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The Mindful Lawyer: Waking Up This Summer

Special to the News Columns

Illustration of mindfulnessDid you notice the trees swaying in the breeze the last time you were outside? Did you observe the gentle movement of leaves and flowers? It’s certainly easy to get so caught up in our thoughts that we miss the beauty in our midst. If you can relate to this, the presence of trees and flowers offers you an ongoing opportunity to cultivate greater mindful awareness by observing the movement of trees, leaves and flowers. Florida means “land of flowers” and with research pointing to the physical, cognitive, and psychological health benefits of mindfulness, the elusive Fountain of Youth may be closer than you think.

Mindfulness blossoms as the line thins between being present for our experience and realizing that we are present. Of course, we are always present. Phrases like “Be Here Now” remind us of this perennial truth. Books like “The Power of Now” (Eckart Tolle), “Waking Up (Sam Harris) “Wherever You Go, There You Are” (Jon Kabat-Zinn, “The Gift of Presence” (Caroline Welch), and “Present Moment, Wonderful Moment” (Thich Nhat Hanh) offer insights to more deeply appreciate this reality. And mindfulness practices help point us in this direction.

We don’t always see what is right in front of us (think food in fridge, cell phone by the bed, and so on). It’s not that our eyes are not taking in and processing these images; they are. It’s that we are mentally somewhere else; our attention has been hijacked or we’re or caught up in an internal dialogue. At such times we are no longer seeing clearly what is before us.

You can think of it as if the lawsuit: In re: Distracted v. Focused is being litigated in your mind. As in most matters, each side has its strong arguments. There are times when distraction, as well as focus, can serve our interests. Importantly, rather than choose one side over the other, we can serve as a witness and observe the activity of the mind as it vacillates between moments of focus and moments of distraction.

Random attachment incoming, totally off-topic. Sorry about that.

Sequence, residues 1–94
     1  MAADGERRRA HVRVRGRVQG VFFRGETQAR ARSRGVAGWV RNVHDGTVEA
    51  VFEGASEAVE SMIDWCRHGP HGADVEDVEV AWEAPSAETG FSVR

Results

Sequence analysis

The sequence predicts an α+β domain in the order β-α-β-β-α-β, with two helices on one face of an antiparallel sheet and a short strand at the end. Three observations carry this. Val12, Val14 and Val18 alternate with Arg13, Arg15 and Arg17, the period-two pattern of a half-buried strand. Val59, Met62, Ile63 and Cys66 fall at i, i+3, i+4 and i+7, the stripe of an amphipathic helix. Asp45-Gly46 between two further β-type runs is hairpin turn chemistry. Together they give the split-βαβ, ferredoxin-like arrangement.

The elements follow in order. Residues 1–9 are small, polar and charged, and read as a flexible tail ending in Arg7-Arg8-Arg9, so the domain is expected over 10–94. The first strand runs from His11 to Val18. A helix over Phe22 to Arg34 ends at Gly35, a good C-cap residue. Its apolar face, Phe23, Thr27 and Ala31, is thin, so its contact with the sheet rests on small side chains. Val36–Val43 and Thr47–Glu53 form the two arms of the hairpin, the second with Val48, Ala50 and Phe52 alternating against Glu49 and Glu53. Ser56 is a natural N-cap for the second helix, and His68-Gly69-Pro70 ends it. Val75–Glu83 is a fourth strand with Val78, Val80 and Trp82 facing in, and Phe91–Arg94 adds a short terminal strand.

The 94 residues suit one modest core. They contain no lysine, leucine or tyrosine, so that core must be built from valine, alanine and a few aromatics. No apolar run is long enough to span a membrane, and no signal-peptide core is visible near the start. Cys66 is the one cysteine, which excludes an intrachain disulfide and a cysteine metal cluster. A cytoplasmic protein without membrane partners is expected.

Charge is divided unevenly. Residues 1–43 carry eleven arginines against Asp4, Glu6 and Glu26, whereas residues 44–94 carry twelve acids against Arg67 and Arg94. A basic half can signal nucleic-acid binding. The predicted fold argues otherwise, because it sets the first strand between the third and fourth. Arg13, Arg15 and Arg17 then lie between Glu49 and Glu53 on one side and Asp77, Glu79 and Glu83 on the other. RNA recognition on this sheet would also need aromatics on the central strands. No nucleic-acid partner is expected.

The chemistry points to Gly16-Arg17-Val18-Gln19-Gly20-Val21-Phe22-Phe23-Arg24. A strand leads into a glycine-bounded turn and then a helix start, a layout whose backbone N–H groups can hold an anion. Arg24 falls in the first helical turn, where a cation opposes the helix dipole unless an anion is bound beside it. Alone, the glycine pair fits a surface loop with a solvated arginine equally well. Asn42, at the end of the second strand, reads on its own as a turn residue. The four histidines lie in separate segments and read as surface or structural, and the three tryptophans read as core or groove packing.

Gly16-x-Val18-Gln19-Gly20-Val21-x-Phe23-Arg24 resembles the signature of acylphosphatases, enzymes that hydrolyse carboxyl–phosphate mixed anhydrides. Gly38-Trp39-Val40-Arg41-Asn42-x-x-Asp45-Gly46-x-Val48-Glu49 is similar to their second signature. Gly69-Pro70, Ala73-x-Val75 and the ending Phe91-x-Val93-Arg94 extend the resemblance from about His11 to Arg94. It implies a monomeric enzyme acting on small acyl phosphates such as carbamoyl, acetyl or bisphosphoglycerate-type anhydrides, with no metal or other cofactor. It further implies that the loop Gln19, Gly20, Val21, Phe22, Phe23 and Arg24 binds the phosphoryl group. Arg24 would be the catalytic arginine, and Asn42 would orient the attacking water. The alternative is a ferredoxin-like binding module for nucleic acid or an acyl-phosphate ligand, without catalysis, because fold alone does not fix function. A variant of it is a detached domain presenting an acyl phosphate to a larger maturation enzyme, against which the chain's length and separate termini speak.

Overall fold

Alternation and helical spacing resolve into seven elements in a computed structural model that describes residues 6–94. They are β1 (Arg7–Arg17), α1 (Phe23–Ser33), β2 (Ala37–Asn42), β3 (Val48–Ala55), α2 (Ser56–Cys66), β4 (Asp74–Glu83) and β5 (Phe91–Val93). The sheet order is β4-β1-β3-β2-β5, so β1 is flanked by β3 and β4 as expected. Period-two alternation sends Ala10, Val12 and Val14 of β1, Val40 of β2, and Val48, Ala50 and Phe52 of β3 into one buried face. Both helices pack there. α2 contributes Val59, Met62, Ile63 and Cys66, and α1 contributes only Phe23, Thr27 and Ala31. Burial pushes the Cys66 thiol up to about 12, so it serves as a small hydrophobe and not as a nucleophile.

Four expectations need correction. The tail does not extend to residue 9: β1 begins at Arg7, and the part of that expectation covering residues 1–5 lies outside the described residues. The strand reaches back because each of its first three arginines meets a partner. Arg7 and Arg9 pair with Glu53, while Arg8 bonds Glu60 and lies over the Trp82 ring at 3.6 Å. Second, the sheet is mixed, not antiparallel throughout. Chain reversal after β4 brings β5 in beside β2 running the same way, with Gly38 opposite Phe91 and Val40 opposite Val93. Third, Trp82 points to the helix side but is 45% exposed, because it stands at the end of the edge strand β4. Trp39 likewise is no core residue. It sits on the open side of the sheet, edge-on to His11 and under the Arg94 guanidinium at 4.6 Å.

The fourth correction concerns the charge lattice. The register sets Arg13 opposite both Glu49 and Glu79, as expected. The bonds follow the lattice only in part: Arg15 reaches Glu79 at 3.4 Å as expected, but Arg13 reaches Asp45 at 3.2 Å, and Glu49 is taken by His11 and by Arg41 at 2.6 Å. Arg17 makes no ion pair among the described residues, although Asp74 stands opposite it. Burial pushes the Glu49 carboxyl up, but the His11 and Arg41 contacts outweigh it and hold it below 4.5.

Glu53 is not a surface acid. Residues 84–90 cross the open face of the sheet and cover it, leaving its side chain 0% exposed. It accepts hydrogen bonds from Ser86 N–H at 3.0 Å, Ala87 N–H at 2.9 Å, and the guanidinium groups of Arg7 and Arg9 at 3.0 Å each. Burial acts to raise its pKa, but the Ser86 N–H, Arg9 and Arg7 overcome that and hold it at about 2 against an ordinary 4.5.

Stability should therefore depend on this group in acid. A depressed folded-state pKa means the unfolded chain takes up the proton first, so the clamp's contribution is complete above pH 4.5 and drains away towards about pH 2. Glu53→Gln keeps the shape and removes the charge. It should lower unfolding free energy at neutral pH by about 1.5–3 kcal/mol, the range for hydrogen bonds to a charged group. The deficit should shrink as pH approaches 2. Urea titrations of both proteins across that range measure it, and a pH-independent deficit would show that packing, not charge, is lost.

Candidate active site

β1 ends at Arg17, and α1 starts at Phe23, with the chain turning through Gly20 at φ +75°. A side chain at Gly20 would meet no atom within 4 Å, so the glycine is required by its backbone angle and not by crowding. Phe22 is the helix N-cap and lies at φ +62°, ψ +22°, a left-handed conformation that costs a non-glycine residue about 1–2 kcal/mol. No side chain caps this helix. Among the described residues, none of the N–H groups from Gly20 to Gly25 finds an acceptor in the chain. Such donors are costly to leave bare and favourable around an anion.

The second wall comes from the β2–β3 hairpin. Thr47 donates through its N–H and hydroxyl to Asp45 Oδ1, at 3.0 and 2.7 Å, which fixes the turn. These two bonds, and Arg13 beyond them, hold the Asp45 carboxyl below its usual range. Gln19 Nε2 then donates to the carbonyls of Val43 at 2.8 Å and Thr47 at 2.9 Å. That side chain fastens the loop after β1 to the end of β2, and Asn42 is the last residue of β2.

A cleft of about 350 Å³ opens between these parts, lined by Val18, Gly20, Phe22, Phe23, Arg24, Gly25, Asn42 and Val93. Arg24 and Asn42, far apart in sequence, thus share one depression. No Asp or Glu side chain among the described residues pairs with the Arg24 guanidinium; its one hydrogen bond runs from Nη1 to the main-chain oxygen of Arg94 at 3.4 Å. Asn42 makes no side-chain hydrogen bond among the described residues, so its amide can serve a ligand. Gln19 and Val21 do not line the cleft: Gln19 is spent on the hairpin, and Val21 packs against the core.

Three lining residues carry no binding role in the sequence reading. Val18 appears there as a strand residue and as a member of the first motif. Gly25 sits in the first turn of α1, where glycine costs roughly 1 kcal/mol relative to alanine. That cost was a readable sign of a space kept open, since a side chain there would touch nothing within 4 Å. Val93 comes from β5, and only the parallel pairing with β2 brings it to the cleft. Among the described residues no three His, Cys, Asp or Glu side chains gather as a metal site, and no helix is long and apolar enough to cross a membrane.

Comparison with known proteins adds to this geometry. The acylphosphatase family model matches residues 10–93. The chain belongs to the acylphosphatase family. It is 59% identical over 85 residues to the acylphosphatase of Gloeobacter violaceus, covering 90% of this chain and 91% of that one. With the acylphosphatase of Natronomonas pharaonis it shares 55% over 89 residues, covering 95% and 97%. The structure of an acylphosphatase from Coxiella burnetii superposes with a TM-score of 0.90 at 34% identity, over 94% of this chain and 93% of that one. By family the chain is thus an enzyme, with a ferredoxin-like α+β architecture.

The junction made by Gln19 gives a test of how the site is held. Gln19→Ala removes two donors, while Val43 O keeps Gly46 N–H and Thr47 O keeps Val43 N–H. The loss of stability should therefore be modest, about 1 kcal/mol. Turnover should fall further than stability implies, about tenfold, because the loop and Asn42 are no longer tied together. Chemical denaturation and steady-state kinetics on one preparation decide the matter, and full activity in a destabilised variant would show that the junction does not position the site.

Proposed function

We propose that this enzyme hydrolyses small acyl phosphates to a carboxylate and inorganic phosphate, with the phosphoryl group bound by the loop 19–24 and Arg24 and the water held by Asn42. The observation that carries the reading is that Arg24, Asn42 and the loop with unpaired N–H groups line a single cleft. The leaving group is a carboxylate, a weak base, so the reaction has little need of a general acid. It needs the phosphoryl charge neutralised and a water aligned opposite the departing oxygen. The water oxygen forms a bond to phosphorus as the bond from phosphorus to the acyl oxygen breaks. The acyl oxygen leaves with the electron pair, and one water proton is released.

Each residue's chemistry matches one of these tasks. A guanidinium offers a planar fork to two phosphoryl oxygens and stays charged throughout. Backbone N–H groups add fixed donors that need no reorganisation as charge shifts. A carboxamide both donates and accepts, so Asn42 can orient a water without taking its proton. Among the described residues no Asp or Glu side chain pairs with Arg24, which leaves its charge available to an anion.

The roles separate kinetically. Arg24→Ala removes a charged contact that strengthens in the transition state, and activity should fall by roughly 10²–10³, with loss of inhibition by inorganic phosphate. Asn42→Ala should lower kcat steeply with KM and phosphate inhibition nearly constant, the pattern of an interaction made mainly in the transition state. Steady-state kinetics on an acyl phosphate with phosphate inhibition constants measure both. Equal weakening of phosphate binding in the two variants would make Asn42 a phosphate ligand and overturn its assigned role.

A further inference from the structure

So, how can we pivot from litigant to witness? An accessible and powerful approach you can practice this summer involves intentionally shifting attention to notice the physical movement of the world around you. While you need not slow down, stopping or pausing can be helpful. The next time you are outside, look at a tree or flower. You may think you already see them, and that’s just the point. We really don’t. So, with a soft gaze and curious mind notice the movement of the leaves on trees, or the swaying of tree branches. Or zoom in on a flower and watch the petals. Given the time of day, temperature, and breeze, the movement may be subtle or readily apparent. As you take it in this movement, you may find to your delight that the activity of your mind settles down. If you’d like to make this a more formal practice, set your time for 3, 6 or 12 minutes and pay attention to the natural world before you. When you notice your mind wander, bring attention back to the flora (focused attention practice). Or, sit back and soak it all in (open monitoring practice).

This is not a time to be thinking about what you see, but to be seeing for the sake of seeing. Or close your eyes and listen to the sounds of rustling leaves, for the sake of listening. In time, you may find that as you witness the leaves with greater granularity, especially movement, your mind settles a bit. (Yes, In re: Focus v. Distraction might just settle). On the flip side, when you start thinking about something or become distracted, your awareness of the movement of the leaves diminishes.

If you detect this (and appreciate the power you have to influence the activity of your mind by shifting to a more observational stance) you are tracking neuroscience research that reports an interesting relationship between two brain networks: the default mode network (associated with distraction) and the attention control network (associated with focus). As one network become more active, the activity of the other is inhibited. When you choose to focus on the movement of the leaves, you engage the attention control network and inhibit the default mode.

Because trees, leaves and flowers can be so inviting, in choosing to pay attention in this way you can simultaneously witness the beauty of the natural world and tone down moments of distraction and mental chatter. You may find this to be a powerful practice you can enjoy throughout the summer which can be set in motion in a few seconds — with a flick of your attention — and be carried forward for as little or as long as you would like.

Scott RogersScott Rogers, M.S., J.D., is a nationally recognized leader in the area of mindfulness in law and founded and directs the University of Miami School of Law’s Mindfulness in Law Program where he teaches mindful ethics, mindful leadership, and mindfulness in law. He is the creator of Jurisight, one of the first CLE programs in the country to integrate mindfulness and neuroscience and conducts workshops and presentations on the role of mindfulness in legal education and across the legal profession. He is author of the recently released, “The Elements of Mindfulness.”

 

 

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